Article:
When a creditor sells a debt to a collection agency, it provides the company with the amount owed and all of the personal information it currently has on the debtor. The collection agency then uses that personal information, however limited, to try to track the debtor down. If a Social Security number has been recorded incorrectly or you are unfortunate enough to have the same name as the debtor, you may be harassed by debt collectors for a debt you do not owe. Should this occur, you may seek legal action against the collection agency.
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Document any illegal tactics used by debt collectors who contact you. The Fair Debt Collection Practices Act states that a debt collector may not threaten you or your personal property, may not call before 8 a.m. or after 9 p.m. and may not call repeatedly with the intent to harass you.
Request in writing that the collection agency provide you with proof of the debt. This is important because you will need to establish a paper trail that proves the collection agency was aware the debt did not belong to you, yet continued to attempt to collect the debt.
Review the information the collection agency sends to you to learn what information has caused the collection agency to pursue you in error. The agency is required to provide you with the amount of the debt, the name of the original creditor and any identifying information proving the debt is yours.
Provide the collection agency with documentation proving the debt is not yours.
If debt collectors continue to harass you, visit your local county clerk's office and fill out a "Statement of Claim." This is the document that will initiate your lawsuit. To file the statement, you will need the name and address of the collection agency and an explanation of why you are filing the lawsuit. You also will need to pay a filing fee.
Authorise the court to deliver the Statement of Claim along with a summons to appear in court to the collection agency. This is normally done via certified mail and you will be required to pay a delivery fee.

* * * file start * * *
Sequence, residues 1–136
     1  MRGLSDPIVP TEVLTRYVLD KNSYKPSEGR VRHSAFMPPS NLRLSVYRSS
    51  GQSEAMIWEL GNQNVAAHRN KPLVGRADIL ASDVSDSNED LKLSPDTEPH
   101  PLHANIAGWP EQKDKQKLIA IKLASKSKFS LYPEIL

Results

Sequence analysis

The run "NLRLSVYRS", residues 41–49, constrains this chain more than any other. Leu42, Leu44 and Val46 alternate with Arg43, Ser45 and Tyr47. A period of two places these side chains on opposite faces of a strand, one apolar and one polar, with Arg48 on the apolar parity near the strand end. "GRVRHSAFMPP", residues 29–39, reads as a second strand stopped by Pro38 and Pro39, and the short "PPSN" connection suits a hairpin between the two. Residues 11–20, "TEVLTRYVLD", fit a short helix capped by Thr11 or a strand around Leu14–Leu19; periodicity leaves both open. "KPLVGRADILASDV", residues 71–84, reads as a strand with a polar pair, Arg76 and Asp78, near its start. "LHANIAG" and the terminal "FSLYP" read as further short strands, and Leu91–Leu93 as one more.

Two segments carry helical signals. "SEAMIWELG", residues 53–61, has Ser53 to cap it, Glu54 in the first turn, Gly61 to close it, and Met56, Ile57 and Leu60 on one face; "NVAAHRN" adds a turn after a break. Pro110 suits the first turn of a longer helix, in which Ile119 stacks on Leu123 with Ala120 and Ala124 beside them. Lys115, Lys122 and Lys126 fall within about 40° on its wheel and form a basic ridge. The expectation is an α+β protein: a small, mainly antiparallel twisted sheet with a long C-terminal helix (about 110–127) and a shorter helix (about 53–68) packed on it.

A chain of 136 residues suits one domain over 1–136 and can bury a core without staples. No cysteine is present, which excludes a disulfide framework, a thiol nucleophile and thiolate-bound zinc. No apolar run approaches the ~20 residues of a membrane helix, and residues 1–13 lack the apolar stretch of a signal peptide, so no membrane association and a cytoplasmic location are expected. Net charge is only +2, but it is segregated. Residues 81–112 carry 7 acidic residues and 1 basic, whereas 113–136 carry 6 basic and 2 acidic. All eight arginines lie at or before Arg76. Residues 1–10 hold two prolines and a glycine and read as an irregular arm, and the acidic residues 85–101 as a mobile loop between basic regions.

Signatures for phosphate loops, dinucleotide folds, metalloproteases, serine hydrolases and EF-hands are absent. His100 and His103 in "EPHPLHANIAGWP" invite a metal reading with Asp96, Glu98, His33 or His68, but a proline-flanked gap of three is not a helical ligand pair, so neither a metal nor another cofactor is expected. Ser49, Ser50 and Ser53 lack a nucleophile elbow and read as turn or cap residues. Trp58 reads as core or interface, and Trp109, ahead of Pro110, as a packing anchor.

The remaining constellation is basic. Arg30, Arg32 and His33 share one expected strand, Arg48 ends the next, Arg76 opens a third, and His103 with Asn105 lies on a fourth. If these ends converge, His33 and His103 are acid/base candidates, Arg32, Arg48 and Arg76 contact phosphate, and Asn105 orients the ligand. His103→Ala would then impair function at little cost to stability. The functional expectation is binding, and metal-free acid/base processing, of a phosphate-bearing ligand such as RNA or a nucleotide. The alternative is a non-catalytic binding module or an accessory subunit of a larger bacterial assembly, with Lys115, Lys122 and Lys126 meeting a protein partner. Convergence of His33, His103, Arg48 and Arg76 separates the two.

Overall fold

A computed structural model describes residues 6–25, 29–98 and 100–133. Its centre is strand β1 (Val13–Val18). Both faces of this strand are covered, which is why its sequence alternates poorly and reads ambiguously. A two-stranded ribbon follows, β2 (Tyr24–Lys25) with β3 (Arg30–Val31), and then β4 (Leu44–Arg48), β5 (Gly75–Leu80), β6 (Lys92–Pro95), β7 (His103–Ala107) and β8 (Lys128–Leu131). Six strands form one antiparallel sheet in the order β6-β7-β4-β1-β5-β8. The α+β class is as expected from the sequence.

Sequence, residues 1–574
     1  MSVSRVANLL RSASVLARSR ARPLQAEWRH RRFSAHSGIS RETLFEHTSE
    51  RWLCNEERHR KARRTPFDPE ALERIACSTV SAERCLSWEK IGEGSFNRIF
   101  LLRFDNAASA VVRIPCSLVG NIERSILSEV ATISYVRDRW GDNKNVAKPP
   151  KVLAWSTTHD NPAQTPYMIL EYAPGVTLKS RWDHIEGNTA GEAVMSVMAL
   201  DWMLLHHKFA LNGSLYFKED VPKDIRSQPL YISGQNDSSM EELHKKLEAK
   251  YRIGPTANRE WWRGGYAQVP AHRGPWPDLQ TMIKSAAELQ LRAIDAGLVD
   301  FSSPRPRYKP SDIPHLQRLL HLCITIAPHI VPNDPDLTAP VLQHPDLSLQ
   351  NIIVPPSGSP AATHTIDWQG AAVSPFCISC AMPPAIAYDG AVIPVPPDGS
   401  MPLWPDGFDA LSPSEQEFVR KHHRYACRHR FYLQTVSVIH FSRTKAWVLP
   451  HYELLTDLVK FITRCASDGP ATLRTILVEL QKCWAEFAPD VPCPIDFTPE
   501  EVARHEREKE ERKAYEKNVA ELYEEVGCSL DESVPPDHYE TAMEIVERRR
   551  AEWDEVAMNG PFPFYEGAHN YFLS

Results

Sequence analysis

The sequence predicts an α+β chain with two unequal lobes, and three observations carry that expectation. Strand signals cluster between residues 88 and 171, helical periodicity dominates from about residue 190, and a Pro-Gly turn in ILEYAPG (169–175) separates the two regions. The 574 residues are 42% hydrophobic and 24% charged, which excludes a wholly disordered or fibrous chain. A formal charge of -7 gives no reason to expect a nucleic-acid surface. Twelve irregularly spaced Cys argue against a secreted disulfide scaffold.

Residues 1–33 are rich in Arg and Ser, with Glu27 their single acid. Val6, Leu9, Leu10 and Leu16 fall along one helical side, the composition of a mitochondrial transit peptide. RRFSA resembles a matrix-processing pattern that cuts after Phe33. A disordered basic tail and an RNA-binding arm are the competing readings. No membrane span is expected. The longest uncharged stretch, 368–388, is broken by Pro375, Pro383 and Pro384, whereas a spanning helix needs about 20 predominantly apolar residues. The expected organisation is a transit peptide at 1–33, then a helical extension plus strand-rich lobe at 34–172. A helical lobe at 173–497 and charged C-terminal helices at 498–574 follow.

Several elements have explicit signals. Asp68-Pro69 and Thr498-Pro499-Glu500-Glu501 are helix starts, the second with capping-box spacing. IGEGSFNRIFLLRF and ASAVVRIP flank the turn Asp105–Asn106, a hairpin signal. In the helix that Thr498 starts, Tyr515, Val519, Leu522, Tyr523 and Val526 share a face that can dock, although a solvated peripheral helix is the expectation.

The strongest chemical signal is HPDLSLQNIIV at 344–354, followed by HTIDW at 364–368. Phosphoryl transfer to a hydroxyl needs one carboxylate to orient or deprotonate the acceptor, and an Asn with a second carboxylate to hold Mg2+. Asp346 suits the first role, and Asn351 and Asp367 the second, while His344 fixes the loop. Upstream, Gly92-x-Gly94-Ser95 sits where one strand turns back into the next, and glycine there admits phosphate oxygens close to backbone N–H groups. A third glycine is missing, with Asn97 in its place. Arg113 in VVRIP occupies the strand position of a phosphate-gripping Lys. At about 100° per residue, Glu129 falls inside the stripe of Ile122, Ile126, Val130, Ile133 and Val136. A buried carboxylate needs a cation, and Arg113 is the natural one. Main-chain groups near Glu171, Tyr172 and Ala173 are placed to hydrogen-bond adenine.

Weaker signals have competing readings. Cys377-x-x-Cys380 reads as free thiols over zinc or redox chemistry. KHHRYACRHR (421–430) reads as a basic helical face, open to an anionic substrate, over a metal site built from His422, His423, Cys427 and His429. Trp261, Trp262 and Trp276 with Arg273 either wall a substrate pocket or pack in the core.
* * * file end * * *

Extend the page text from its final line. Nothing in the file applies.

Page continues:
Attend the pretrial hearing. A representative for the collection agency is required to appear and present a defence. Should no representative attend the hearing, you will win your lawsuit by default.
Attend the trial. Bring any documentation you have that the debt does not belong to you and that the collection agency was notified of this fact yet continued to pursue you for the debt. If the collection agency has used illegal collection tactics against you while attempting to collect the debt, you may also point this out to the judge.
Tips and warnings
- You must file a lawsuit against any debt collector within one year of the violation for which you wish to sue.
- You may request that, in the event you win the case, the collection agency be required to pay your attorney fees.
- Send all correspondence to the collection agency via certified mail with a signature card. This will allow you to prove in court that your letters were received.
- Never put your signature on any letters you send to a collection agency, lest your signature end up on documents you did not sign.
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